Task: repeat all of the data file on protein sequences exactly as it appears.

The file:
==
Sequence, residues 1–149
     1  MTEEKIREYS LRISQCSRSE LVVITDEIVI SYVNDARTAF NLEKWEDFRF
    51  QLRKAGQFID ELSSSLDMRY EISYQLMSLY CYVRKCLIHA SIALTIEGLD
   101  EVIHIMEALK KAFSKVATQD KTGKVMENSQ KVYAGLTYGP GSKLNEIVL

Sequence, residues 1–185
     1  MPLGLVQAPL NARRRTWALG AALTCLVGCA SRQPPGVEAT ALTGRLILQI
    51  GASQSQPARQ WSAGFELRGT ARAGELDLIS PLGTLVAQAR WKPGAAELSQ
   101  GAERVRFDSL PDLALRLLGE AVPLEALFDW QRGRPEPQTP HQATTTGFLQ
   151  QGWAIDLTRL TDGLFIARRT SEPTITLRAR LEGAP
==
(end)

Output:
Sequence, residues 1–149
     1  MTEEKIREYS LRISQCSRSE LVVITDEIVI SYVNDARTAF NLEKWEDFRF
    51  QLRKAGQFID ELSSSLDMRY EISYQLMSLY CYVRKCLIHA SIALTIEGLD
   101  EVIHIMEALK KAFSKVATQD KTGKVMENSQ KVYAGLTYGP GSKLNEIVL

Sequence, residues 1–185
     1  MPLGLVQAPL NARRRTWALG AALTCLVGCA SRQPPGVEAT ALTGRLILQI
    51  GASQSQPARQ WSAGFELRGT ARAGELDLIS PLGTLVAQAR WKPGAAELSQ
   101  GAERVRFDSL PDLALRLLGE AVPLEALFDW QRGRPEPQTP HQATTTGFLQ
   151  QGWAIDLTRL TDGLFIARRT SEPTITLRAR LEGAP